Review: Kobold Quarterly #19

Publisher: Open Design Group
Audience: GM/Players
Price: Print+PDF – $8.99 / PDF – $5.99
Pages: 80
Overall: 5/5

Kobold Quarterly. If you have not started reading this magazine in print or PDF form you have been missing out. I am late to the Kobold Quarterly party myself only having started to read it about a year ago. For those of you a little behind the curve like I was, Kobold Quarterly is a magazine available through print or PDF form and has a quarterly release schedule. Kobold in Chief is Wolfgang Baur who has a long history with gaming from the TSR days including stints as editor of Dungeon and Dragon magazines plus much more.

If you have ever found yourself reminiscing about the Dragon magazine from the good old days, then you owe it to yourself to check out an issue of Kobold Quarterly. The feel of the magazine is very much like those old days and contains articles to inspire anyone’s game. The magazine contains articles that cover Pathfinder, 4th Edition D&D and the AGE System RPG. Even an article geared for an edition that is not your preferred there are generally plenty of gems you can borrow from it for your own system of choice with ease.

Here I was on release day of the new Fall Issue that I found myself home on a sick day nursing a nasty cough and cold. With the new issue downloaded and ready on the iPad I set in on reading the issue. Kobold Quarterly #19 clocks in at 80 pages and the cover graced by the artwork of Malcom McClinton depicting an eastern style dragon in front of a mountain backdrop. This issue introduced The White Necromancer, new archetypes and discoveries for alchemists, sample magic shops for your campaign, a preview Tian Xia by James Jacobs, archetypes of death, the Relics of Power contest winner – the Gordian Knot, ways to spice up trap encounters, Balance-Free Bonuses, a solo adventure, an interview with Jason Morningstar of Fiasco fame, and more.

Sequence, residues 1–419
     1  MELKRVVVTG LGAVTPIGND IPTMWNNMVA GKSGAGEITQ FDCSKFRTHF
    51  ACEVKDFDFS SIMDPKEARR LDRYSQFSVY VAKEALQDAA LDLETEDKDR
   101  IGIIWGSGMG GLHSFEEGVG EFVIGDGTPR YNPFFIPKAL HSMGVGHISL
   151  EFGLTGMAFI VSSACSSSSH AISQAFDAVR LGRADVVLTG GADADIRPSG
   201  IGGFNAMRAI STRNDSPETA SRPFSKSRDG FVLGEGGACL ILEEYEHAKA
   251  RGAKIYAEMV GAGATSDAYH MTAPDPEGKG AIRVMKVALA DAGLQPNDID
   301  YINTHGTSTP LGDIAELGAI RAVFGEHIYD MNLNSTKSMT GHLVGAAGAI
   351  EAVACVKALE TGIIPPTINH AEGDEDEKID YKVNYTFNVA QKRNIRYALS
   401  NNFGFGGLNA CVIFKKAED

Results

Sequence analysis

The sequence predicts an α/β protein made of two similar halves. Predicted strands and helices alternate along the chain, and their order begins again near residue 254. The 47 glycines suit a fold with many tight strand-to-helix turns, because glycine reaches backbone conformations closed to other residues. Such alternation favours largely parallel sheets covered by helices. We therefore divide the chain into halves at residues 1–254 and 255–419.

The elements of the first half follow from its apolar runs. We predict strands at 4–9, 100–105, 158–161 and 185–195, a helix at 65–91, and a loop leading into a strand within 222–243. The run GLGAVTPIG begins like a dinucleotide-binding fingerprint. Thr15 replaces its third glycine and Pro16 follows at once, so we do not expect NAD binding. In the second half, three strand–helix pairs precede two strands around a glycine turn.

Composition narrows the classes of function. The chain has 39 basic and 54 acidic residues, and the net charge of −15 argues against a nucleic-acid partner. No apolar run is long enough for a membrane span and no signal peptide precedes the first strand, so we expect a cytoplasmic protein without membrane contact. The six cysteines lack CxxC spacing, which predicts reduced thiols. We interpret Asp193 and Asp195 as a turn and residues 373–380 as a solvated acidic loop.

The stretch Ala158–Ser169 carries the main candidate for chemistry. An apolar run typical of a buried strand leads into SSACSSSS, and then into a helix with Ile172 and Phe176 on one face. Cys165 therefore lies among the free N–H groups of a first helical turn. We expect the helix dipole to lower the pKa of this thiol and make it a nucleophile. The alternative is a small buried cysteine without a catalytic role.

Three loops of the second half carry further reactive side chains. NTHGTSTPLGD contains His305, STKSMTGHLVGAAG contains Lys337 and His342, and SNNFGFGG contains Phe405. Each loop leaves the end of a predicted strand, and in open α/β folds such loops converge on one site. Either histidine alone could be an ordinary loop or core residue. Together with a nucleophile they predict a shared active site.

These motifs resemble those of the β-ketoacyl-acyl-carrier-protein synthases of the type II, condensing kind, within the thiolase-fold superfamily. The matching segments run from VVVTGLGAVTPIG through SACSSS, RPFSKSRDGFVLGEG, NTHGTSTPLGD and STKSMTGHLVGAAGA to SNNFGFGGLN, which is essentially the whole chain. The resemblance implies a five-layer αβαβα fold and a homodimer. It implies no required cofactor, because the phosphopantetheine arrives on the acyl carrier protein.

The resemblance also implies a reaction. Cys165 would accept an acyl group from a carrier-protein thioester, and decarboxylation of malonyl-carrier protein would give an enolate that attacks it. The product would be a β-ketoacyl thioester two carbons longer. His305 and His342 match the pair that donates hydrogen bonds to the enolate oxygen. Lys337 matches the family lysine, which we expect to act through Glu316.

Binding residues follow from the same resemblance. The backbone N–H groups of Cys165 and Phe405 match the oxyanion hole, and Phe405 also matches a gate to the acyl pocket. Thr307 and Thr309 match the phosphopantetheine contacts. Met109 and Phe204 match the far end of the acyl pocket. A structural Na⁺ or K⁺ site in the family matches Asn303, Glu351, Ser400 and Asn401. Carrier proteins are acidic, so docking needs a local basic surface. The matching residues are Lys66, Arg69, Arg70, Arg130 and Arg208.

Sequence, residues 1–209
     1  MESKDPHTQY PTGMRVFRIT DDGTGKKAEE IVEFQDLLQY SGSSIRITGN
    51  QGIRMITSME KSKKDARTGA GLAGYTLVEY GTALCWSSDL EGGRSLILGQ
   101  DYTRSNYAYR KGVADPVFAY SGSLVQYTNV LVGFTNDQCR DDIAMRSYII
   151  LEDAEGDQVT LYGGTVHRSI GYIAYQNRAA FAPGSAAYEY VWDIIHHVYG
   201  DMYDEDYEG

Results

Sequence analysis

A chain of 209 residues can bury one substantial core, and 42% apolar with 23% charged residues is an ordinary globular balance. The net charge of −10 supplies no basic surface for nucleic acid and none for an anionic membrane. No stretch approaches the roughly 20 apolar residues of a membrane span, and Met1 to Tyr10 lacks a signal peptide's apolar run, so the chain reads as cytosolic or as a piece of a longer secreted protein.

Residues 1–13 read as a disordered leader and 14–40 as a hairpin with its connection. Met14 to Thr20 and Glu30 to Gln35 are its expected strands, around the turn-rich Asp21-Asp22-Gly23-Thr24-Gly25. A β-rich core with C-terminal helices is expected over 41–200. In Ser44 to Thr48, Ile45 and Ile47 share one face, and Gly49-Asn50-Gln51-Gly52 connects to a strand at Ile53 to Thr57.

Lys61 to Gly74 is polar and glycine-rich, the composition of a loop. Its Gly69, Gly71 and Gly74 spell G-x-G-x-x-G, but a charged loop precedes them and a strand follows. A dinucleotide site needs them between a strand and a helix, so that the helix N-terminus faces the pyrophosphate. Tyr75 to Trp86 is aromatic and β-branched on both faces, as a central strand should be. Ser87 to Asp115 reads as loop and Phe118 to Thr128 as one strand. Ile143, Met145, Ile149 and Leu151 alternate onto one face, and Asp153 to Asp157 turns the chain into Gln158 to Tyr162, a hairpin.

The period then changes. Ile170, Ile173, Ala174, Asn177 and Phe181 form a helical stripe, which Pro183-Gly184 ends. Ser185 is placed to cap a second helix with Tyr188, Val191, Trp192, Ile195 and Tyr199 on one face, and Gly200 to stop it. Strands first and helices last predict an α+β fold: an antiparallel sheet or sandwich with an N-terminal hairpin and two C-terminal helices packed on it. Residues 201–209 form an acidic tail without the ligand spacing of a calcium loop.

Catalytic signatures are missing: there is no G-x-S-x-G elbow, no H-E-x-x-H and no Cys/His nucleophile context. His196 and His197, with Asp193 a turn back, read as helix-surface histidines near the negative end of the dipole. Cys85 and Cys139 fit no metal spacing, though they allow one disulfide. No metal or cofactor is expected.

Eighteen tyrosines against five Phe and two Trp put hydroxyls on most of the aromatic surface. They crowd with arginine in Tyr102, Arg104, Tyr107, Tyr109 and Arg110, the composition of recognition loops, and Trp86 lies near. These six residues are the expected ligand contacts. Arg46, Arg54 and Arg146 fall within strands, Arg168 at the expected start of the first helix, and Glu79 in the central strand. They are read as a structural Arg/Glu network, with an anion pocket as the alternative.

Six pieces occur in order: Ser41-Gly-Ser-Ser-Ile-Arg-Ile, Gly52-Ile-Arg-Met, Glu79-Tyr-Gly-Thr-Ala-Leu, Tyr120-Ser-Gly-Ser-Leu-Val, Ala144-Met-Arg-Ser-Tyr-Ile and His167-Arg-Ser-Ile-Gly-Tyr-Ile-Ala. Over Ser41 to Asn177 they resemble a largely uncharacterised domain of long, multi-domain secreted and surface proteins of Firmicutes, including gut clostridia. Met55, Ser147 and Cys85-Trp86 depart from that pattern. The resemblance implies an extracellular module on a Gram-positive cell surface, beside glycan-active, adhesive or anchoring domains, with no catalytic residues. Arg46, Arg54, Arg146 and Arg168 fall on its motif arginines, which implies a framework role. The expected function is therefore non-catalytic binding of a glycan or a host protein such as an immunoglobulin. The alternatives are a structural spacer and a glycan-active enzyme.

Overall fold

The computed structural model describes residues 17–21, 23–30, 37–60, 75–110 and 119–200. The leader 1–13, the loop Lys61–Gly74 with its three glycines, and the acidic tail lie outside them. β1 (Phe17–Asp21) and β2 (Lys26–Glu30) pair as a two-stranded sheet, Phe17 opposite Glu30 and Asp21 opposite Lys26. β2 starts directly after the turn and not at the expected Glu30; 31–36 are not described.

This was another solid issue from Kobold Quarterly. While not every article grabs my fancy equally it is generally a matter of taste and certainly not quality of writing. I have not delved much into the Midgard Campaign Setting by the Open Design Group. There are a couple of articles that focus on the Midgard Campaign setting which are excellent reads for people that use that setting.

The article What’s In Store by Christina Stiles and Spike Jones covers some tips for turning the dreaded magic shop into a better tool for GMs. It discusses several ways a magic shop can fit into the game to help the players without giving the GM fits. It also details four sample magic shops ready for use in any campaign. This article is a great resource for GMs struggling with magic shops in their game.

10 Ways to Turn Dull Traps into High-Stakes Encounters by Britian Oates was a good read on making traps your parties might face more than just dice rolls to see if they found followed by another dice roll to see if they are disabled. There is nothing memorable in that and this articles covers a myriad of ways to makes trap encounters more memorable, without necessarily turning up the deadliness of the trap. The trap information within is useful information for any campaign under any system.

One of my favorite articles in this issue was Balance-Free Bonuses by Monte Cook. This article covered some “traits” for the lack of a better word and not to be confused with Pathfinder’s traits that can be given as a racial ability or class ability. These were simple things like elves being able to see twice as far as a human or rogues being able to easily determine the value of something. All of these were abilities that added flavor to either the race or class without having an actual mechanical bonus that might cause unbalance. I really liked this idea and could easily see using these or coming up with some of my own for my campaign.

For those looking forward to Paizo’s release of the Tian Xia campaign setting there is a great sneak preview written by James Jacobs. It covers several of the regions and includes a full page map of the region.

Kobold Quarterly #19 is another great Kobold Quarterly issue. I’ve only touched on some of the articles that stuck out to me, but I am sure there is something for everyone in this magazine. I give the issue five stars on my five star rating scale. You definitely owe it to yourself to check this magazine out if you aren’t already a Kobold Quarterly fan.

2 thoughts on “Review: Kobold Quarterly #19

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